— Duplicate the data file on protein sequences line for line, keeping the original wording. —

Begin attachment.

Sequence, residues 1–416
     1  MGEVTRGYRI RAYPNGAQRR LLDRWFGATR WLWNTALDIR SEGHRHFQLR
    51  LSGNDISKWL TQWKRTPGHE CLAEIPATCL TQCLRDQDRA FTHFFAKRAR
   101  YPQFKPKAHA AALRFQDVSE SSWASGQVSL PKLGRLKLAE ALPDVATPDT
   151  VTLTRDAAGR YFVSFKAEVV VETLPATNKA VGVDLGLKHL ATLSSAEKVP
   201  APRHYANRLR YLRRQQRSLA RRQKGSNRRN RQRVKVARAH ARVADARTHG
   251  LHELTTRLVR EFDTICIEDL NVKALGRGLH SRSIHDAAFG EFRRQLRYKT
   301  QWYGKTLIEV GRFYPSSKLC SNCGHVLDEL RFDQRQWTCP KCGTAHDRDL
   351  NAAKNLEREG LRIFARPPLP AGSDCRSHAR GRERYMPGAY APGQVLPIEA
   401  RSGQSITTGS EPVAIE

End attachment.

Sequence, residues 1–416
     1  MGEVTRGYRI RAYPNGAQRR LLDRWFGATR WLWNTALDIR SEGHRHFQLR
    51  LSGNDISKWL TQWKRTPGHE CLAEIPATCL TQCLRDQDRA FTHFFAKRAR
   101  YPQFKPKAHA AALRFQDVSE SSWASGQVSL PKLGRLKLAE ALPDVATPDT
   151  VTLTRDAAGR YFVSFKAEVV VETLPATNKA VGVDLGLKHL ATLSSAEKVP
   201  APRHYANRLR YLRRQQRSLA RRQKGSNRRN RQRVKVARAH ARVADARTHG
   251  LHELTTRLVR EFDTICIEDL NVKALGRGLH SRSIHDAAFG EFRRQLRYKT
   301  QWYGKTLIEV GRFYPSSKLC SNCGHVLDEL RFDQRQWTCP KCGTAHDRDL
   351  NAAKNLEREG LRIFARPPLP AGSDCRSHAR GRERYMPGAY APGQVLPIEA
   401  RSGQSITTGS EPVAIE